Wednesday, August 25, 2010

Count the cost of stamping out evil.

Neal Gabler has a fascinating column in the L.A. Times. He admits that regulation is not sure-fire protection from financial sector excesses:

"The (market) system malfunctioned because the human beings who ran it were greedy and saw a way to enrich themselves. That means the recession from which we still are reeling was primarily a result of human nature..."

That's a moral insight - maybe even metaphysical in that he goes after the intangibles of our existence.

Gabler still accepts the need for regulation. His central argument is that the law needs to be written shrewdly, to make the costs of accumulating "super-riches" outweigh the rewards. Simply making it more difficult to exploit a market is not enough, because the greedy will adapt "like a virus."

He's correct in attributing our harmful excesses to "human nature." His diagnosis is the same as the New Testament's. The human race lives according to "the flesh." We are animals, after all, concerned with our own pleasure and perpetuation.

I liked much of the article, but raised an eyebrow when Gabler went all partisan toward the end:

"It wasn't enough for the rich to be rich. Human nature being what it is, they had to be super-rich. Or put another way, tax cuts, including the Bush tax cuts, fed some of the worst aspects of human nature and led to some of the worst excesses. It was just a matter of time before Wall Street went wild."

It is fine to get moralistic and legalistic when we can aim our antipathy at a particular issue or group. But the New Testament says that "all have sinned and fall short of the glory of God." Is Gabler - are we - willing to go all in, and suggest moral legalism for any and all demonstrably harmful human antics? For example,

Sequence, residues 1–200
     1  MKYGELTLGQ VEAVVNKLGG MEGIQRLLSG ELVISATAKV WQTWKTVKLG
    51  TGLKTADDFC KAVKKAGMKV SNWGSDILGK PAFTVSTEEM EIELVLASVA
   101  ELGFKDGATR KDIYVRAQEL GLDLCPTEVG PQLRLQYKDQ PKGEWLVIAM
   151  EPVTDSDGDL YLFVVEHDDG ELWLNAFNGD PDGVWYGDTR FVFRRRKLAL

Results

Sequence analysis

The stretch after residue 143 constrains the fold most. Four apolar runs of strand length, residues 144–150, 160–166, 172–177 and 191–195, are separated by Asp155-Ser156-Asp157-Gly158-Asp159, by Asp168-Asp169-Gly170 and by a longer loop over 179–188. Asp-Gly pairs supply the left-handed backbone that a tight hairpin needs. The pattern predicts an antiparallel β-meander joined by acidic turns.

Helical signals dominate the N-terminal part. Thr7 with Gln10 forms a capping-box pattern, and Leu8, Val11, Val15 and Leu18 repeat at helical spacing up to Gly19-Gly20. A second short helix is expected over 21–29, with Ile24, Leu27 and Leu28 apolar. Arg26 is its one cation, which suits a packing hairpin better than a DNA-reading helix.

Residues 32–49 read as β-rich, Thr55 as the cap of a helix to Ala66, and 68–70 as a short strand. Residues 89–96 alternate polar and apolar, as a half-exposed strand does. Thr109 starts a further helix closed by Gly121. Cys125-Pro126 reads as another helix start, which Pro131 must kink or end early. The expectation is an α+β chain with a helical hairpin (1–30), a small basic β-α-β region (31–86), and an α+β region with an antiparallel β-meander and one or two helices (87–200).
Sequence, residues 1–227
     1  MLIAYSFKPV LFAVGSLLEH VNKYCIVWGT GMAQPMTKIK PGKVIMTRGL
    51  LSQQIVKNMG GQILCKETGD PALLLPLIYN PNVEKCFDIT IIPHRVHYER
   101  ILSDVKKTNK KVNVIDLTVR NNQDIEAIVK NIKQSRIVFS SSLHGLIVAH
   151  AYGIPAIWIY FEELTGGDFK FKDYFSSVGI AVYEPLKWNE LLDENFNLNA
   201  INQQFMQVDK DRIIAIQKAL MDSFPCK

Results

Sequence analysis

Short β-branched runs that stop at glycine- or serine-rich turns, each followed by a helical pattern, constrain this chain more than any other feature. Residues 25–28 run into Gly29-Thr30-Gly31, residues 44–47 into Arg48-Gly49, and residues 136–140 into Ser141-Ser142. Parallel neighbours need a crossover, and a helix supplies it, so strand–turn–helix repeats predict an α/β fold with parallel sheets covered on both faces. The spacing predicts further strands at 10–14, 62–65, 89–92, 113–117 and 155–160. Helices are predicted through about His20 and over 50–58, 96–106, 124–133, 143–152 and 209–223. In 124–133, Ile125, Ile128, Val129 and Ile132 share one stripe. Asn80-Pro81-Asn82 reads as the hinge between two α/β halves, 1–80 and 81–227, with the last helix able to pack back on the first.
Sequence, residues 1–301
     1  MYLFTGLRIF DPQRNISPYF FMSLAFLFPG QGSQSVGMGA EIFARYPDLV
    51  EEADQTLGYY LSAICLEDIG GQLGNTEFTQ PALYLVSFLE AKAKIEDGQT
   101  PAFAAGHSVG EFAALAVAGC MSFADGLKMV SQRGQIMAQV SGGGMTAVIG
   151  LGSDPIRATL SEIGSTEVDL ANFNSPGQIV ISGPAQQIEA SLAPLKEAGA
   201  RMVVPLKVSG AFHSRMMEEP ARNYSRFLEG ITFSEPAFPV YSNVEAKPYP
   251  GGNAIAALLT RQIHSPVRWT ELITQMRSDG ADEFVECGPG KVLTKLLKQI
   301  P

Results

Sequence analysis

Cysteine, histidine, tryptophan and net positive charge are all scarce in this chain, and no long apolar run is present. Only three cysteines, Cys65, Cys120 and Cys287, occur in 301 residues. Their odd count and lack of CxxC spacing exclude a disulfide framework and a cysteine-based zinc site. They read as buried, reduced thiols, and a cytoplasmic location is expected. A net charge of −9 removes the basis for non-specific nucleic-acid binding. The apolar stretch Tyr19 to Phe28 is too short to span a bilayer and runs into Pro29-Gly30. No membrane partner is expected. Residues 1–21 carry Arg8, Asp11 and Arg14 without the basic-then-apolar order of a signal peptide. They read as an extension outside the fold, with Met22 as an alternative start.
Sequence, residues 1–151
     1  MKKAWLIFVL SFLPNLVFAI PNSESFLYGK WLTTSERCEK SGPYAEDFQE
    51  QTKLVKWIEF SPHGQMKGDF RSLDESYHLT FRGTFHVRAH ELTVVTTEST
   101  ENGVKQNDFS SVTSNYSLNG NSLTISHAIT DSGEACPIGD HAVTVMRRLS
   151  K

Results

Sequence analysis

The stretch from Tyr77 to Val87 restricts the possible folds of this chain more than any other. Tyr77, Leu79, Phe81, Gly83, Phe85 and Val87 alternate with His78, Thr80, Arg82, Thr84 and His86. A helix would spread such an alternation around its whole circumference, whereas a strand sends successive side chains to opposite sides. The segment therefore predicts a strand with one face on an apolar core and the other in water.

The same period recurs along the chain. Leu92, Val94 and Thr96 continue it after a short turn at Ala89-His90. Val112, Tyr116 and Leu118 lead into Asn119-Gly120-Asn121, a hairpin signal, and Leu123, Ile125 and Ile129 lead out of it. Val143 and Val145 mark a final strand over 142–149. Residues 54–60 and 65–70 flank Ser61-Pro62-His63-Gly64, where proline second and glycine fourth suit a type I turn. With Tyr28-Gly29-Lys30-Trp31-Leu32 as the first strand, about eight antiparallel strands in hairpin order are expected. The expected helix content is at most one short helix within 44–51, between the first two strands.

Alcohol abuse is manifestly destructive, not only to the individual but to all of us in terms of family destruction, business losses, roadway accidents and the attendent public services to list the most obvious.

There is mounting evidence that Facebook can contribute to family breakdown. I'm not talking just anecdotal stuff - legal journals have statistics about the prevalence of Facebook comments as evidence in divorce proceedings.

KELO radio had a report this morning about how texting activates the brain in ways similar to addictive narcotics.

Feminists argue that the porn industry degrades women; many religious groups would add family and social degradation to that indictment.

I could go on and on listing industries, products and groups that make plenty of money while harming the rest of us.

What evils, if any, do we propose to stamp out for the greater good? Will they be just the things we dislike about people unlike ourselves?

And what will we say when people unlike us decide that we are the ones to be controlled by law?

"All have sinned and fall short of the glory of God." Yes, that's human nature. How shall a society of fallen humans respond?

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